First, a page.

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Updated: May 1, 2010 21:51 IST

Personalised genetic medicine a step closer to reality?

PTI
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Computer artwork of a double- stranded DNA (deoxyribonucleic acid) helix. The sequence of the base groups along the DNA helix is known as the genetic code, which carries instructions necessary for the development and function of all living organisms. Photo: Special Arrangement
Computer artwork of a double- stranded DNA (deoxyribonucleic acid) helix. The sequence of the base groups along the DNA helix is known as the genetic code, which carries instructions necessary for the development and function of all living organisms. Photo: Special Arrangement

Personalised genetic medicine is a step closer to reality, says a scientist, who claims to have all his DNA screened for diseases as well as susceptibility to treatments.

The results, which revealed risks of heart disease, diabetes and prostate cancer, may pave the way to similar tests for people within the next decade, according to Stephen Quake of Stanford University who spent 33,000 pounds having his genetic make-up mapped and then analysed for diseases.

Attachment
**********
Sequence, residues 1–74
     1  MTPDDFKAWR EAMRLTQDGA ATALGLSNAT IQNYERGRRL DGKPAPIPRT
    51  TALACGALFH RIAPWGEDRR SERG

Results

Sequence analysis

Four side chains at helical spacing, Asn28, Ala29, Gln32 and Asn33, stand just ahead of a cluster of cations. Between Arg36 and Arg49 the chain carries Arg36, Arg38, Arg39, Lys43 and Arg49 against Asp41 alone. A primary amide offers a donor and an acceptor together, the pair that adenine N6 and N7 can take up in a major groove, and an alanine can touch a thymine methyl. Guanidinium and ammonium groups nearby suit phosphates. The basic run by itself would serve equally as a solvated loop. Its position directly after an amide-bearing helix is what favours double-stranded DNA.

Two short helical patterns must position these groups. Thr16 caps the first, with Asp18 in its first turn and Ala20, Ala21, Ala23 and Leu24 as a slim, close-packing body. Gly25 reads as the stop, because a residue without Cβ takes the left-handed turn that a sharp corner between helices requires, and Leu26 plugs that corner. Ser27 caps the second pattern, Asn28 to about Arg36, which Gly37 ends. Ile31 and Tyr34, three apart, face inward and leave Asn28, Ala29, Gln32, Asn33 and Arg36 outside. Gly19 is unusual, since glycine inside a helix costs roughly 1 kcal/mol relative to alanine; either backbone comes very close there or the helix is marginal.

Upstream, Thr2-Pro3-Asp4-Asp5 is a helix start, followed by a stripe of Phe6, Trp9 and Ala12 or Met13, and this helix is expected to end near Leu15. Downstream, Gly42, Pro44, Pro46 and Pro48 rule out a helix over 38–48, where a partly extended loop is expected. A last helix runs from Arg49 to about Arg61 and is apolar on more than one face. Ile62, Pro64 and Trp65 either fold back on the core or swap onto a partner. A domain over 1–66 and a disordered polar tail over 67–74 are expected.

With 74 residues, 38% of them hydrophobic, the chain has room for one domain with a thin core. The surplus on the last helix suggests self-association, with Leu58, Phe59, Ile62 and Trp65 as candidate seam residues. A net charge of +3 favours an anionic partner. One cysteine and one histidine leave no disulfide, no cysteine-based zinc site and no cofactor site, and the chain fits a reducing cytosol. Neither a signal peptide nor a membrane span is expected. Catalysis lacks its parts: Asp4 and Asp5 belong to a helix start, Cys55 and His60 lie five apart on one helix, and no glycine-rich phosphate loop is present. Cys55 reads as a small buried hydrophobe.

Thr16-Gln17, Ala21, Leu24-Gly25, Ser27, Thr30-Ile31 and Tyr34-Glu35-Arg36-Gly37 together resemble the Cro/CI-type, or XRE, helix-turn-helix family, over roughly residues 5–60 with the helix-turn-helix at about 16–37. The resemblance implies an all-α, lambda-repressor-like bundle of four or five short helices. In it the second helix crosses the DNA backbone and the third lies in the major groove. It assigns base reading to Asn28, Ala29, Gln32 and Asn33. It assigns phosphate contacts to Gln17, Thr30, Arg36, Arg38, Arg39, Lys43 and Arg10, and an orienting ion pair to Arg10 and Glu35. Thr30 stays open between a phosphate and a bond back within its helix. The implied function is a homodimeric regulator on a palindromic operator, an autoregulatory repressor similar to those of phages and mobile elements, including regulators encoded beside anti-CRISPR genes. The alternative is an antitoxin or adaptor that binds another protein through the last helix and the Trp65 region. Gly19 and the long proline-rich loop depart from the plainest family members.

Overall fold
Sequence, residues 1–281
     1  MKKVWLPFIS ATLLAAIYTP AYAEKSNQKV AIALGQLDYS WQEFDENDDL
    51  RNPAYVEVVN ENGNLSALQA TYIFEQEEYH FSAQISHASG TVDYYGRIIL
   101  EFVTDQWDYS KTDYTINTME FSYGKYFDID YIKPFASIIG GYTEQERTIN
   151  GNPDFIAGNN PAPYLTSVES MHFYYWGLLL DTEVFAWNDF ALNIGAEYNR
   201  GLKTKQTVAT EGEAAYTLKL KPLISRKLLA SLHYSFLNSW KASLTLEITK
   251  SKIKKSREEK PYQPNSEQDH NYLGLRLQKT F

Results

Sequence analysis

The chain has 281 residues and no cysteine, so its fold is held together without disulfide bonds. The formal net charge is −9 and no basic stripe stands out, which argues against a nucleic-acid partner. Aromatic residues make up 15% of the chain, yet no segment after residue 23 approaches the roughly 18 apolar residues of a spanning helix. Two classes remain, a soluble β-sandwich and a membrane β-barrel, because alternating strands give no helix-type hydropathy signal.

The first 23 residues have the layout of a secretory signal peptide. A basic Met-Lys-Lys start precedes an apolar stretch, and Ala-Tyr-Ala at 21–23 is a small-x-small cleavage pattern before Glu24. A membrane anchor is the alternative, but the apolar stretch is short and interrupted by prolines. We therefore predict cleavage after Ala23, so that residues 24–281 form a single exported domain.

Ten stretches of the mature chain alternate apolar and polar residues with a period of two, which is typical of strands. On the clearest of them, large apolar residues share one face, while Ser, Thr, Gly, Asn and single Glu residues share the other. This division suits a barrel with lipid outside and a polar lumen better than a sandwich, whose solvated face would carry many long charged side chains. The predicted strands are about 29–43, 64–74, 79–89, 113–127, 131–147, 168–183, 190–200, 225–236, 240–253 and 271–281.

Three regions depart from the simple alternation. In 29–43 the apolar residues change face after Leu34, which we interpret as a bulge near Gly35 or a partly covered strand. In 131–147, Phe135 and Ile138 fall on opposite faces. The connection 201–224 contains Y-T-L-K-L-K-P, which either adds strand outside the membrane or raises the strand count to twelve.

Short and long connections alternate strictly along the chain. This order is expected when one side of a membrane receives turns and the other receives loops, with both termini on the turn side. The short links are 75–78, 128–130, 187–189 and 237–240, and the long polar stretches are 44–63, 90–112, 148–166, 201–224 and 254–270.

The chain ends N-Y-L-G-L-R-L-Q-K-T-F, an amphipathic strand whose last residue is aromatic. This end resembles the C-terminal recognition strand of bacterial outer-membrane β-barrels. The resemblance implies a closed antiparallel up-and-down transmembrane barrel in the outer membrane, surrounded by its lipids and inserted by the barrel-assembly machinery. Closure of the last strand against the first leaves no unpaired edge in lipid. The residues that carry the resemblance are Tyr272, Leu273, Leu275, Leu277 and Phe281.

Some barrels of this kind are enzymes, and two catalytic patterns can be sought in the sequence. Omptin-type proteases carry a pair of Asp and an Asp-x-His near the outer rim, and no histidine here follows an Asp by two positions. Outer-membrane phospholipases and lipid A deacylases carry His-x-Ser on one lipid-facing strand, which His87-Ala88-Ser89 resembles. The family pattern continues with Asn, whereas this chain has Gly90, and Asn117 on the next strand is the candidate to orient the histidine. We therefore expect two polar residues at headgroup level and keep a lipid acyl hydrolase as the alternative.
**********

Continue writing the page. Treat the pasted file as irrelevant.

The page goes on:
“We’re at dawn of a new age of genomics. Information like this will enable doctors to deliver personalised health care like never before,” Professor Quake was quoted by ‘The Daily Telegraph’ as saying.

In fact, his new study, published in ‘The Lancet’ medical journal, claims to have accurately evaluated the risks of a number of diseases.

Prof Quake, who is 40, was screened for 55 conditions, ranging from obesity and type-2 diabetes to schizophrenia and gum disease. In some cases, the normal risk of developing a certain condition for a man of his age was scaled down, and in other cases up.

The worst news related to obesity, type-2 diabetes and coronary artery disease. Professor Quake was found to have a more than 50 per cent chance of developing any of these conditions, each of which could affect development of other.

He also had rare variants in three genes associated with sudden cardiac death. Several genetic variants were associated with a good response to cholesterol-reducing statins, while one suggested he might need a higher than normal dose of these drugs.

Another mutation indicated that he could be resistant to the clot-busting drug clopidogrel. Other variations pointed to a need for reduced doses of a blood-thinning drug.

“It’s certainly been interesting. I was curious to see what would show up. There are many ethical, educational and policy questions that need to be addressed going forward,” Prof Quake said.

However, experts have warned that major ethical challenges lay ahead and questioned the wisdom of placing no limits on uncovering such sensitive information.

Professor Henry Greely of Stanford Law School in California said, “The experience with Steve Quake’s genome shows we need to start thinking, hard and soon, about how we can deal with that information.”



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